Reply
  3. Oh the RFL’s decided books were not enough, they moved into TV. Think Joan Collins vs the blonde twit in Dynasty and they”re currently planning a movie and a career in government (look out Sam Cam & Michelle Obama). I’ll be honest though my intro into romance was by that genius in pink Babs Cartland. Now there was a woman who knew how to re-write a good story using the same plot lol. I LOVED her

    Reply
  4. Oh the RFL’s decided books were not enough, they moved into TV. Think Joan Collins vs the blonde twit in Dynasty and they”re currently planning a movie and a career in government (look out Sam Cam & Michelle Obama). I’ll be honest though my intro into romance was by that genius in pink Babs Cartland. Now there was a woman who knew how to re-write a good story using the same plot lol. I LOVED her

    Reply
  5. Oh the RFL’s decided books were not enough, they moved into TV. Think Joan Collins vs the blonde twit in Dynasty and they”re currently planning a movie and a career in government (look out Sam Cam & Michelle Obama). I’ll be honest though my intro into romance was by that genius in pink Babs Cartland. Now there was a woman who knew how to re-write a good story using the same plot lol. I LOVED her

    Reply
  6. Your blogpost reminded me of a book I read back in the late 60s. When I was a teenager I had a bit of a thing for the Edwardian romance writers – Ethel M Dell, Ruby M Ayres etc. Very funny! On a holiday in Ireland, while looking for one of these authors in a second hand bookshop, I picked up a book called, if I remember rightly, While you were away’. The book was probably written in the 1950s. I can’t recall the author but have it somewhere! The villainess isn’t a woman with red fingernails, she’s a woman with a “ruby velvet voice”! The heroine of the story finds out about her after she calls the house to speak to the husband who is “away”. To general hilarity I read passages aloud to the rest of the family. The book grew funnier and funnier as the heroine angsted on and on about the woman with “the ruby velvet voice”. I’ve never forgotten it.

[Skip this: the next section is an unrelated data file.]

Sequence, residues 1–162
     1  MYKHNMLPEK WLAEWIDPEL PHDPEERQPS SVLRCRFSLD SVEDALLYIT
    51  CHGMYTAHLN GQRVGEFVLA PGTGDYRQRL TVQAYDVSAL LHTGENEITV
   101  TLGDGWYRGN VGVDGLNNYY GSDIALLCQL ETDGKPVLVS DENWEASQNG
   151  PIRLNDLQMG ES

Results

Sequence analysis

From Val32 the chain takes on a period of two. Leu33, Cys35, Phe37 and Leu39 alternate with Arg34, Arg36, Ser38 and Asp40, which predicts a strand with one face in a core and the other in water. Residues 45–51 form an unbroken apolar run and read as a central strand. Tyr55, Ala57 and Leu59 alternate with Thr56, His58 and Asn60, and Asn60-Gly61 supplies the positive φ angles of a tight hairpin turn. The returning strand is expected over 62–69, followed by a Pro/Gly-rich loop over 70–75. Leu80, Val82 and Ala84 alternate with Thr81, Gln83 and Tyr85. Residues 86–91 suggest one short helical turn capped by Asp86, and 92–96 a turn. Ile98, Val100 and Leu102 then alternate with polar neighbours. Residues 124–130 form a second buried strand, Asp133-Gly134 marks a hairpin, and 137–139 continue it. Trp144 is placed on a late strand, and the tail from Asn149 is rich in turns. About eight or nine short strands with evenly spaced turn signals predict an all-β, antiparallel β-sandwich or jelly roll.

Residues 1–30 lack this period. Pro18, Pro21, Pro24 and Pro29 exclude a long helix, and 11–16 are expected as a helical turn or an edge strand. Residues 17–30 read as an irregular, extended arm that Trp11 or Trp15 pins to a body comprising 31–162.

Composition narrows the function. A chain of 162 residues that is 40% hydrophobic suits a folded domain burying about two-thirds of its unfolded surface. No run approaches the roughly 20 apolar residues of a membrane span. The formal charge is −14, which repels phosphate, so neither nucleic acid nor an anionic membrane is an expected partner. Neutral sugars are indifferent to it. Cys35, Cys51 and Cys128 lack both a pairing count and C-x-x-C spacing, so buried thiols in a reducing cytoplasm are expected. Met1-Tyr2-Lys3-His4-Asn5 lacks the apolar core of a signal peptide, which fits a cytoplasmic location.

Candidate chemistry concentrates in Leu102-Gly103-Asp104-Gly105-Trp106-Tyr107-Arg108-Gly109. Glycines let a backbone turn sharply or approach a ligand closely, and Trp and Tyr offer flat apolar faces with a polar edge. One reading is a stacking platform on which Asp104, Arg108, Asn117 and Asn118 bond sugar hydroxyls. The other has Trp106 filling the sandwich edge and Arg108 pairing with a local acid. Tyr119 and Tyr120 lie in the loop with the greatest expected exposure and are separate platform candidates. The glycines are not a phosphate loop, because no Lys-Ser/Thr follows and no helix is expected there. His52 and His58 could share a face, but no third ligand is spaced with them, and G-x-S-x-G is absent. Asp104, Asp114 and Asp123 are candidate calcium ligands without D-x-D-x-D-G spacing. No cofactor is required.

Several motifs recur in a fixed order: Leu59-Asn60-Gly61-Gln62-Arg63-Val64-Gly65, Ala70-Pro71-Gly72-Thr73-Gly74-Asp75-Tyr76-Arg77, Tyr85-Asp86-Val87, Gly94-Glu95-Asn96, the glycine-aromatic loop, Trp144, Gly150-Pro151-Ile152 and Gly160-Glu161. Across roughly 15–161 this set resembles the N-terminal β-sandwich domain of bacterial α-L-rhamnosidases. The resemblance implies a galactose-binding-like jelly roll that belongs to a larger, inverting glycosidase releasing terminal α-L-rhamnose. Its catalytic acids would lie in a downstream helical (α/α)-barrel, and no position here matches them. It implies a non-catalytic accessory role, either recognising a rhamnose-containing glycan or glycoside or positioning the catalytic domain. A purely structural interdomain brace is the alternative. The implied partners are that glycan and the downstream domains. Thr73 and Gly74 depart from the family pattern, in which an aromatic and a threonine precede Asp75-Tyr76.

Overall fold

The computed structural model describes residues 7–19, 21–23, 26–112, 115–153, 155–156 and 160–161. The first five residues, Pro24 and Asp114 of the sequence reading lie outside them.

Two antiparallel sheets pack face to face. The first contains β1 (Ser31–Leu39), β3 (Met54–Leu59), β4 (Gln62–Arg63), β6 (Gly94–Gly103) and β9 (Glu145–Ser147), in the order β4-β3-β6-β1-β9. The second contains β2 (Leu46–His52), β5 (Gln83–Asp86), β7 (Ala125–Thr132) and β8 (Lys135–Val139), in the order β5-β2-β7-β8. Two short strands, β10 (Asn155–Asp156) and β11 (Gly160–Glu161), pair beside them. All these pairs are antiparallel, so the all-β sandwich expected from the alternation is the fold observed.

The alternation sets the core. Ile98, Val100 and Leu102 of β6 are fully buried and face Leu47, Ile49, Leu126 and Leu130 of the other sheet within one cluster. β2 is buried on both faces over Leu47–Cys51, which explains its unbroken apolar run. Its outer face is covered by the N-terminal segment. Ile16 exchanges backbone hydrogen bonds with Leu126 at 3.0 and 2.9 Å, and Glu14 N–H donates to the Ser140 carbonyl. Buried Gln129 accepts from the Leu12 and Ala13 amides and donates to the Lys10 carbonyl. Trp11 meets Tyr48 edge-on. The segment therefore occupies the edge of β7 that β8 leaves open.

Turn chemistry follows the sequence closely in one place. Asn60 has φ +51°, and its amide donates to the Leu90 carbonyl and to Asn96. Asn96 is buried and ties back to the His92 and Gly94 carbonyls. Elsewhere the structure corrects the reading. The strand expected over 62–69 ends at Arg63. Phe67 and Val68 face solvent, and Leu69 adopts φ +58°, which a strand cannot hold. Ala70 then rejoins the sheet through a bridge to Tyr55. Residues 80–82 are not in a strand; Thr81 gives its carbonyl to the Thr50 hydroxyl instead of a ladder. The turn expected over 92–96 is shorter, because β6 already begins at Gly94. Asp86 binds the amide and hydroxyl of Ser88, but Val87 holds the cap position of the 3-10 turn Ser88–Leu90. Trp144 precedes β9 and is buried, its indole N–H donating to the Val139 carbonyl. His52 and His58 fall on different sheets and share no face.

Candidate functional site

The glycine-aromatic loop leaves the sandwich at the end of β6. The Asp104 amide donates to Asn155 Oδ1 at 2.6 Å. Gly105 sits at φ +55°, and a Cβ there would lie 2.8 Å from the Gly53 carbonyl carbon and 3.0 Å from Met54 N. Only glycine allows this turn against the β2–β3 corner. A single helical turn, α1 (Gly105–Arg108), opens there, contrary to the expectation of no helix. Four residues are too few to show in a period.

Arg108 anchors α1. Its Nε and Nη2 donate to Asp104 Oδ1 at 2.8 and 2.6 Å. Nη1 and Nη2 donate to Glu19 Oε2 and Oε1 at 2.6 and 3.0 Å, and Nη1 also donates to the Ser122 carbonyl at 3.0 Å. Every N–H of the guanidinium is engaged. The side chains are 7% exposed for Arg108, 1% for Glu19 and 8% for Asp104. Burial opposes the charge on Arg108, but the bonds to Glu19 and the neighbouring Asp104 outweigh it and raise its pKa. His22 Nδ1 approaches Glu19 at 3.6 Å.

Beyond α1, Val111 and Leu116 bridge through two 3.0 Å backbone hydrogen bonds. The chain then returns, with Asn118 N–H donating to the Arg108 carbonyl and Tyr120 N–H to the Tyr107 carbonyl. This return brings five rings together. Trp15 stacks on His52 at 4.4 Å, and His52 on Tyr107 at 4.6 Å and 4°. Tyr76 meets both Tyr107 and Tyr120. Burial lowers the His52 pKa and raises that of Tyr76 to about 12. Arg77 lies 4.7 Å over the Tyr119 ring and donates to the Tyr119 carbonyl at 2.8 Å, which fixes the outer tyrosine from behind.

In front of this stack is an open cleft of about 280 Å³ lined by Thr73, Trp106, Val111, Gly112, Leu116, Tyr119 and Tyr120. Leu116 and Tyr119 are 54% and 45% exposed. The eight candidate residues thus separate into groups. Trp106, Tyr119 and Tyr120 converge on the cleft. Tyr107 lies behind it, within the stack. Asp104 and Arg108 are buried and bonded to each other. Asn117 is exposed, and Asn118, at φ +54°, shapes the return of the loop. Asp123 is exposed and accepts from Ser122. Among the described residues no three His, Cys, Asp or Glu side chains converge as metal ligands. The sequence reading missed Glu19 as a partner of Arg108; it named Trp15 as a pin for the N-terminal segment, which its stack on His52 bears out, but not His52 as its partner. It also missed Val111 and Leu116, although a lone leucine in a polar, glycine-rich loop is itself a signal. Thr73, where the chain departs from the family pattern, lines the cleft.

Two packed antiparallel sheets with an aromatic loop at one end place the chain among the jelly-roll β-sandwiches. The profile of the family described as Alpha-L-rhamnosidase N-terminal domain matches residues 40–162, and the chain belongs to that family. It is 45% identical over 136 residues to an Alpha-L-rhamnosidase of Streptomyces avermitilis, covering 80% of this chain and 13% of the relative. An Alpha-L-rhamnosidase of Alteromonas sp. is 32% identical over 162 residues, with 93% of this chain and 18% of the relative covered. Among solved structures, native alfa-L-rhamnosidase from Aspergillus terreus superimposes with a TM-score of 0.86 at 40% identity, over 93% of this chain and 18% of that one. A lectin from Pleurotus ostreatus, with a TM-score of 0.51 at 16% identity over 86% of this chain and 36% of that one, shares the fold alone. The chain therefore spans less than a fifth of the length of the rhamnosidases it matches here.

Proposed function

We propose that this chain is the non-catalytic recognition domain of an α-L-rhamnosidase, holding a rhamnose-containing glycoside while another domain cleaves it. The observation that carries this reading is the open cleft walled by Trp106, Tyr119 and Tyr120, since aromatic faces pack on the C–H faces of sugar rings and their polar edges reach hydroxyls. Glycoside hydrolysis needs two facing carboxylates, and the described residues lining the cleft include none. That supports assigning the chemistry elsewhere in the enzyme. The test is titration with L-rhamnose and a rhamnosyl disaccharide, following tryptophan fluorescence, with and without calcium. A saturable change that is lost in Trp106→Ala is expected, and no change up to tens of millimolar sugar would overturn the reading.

Reply
  7. Your blogpost reminded me of a book I read back in the late 60s. When I was a teenager I had a bit of a thing for the Edwardian romance writers – Ethel M Dell, Ruby M Ayres etc. Very funny! On a holiday in Ireland, while looking for one of these authors in a second hand bookshop, I picked up a book called, if I remember rightly, While you were away’. The book was probably written in the 1950s. I can’t recall the author but have it somewhere! The villainess isn’t a woman with red fingernails, she’s a woman with a “ruby velvet voice”! The heroine of the story finds out about her after she calls the house to speak to the husband who is “away”. To general hilarity I read passages aloud to the rest of the family. The book grew funnier and funnier as the heroine angsted on and on about the woman with “the ruby velvet voice”. I’ve never forgotten it.

    Reply
  8. Your blogpost reminded me of a book I read back in the late 60s. When I was a teenager I had a bit of a thing for the Edwardian romance writers – Ethel M Dell, Ruby M Ayres etc. Very funny! On a holiday in Ireland, while looking for one of these authors in a second hand bookshop, I picked up a book called, if I remember rightly, While you were away’. The book was probably written in the 1950s. I can’t recall the author but have it somewhere! The villainess isn’t a woman with red fingernails, she’s a woman with a “ruby velvet voice”! The heroine of the story finds out about her after she calls the house to speak to the husband who is “away”. To general hilarity I read passages aloud to the rest of the family. The book grew funnier and funnier as the heroine angsted on and on about the woman with “the ruby velvet voice”. I’ve never forgotten it.

    Reply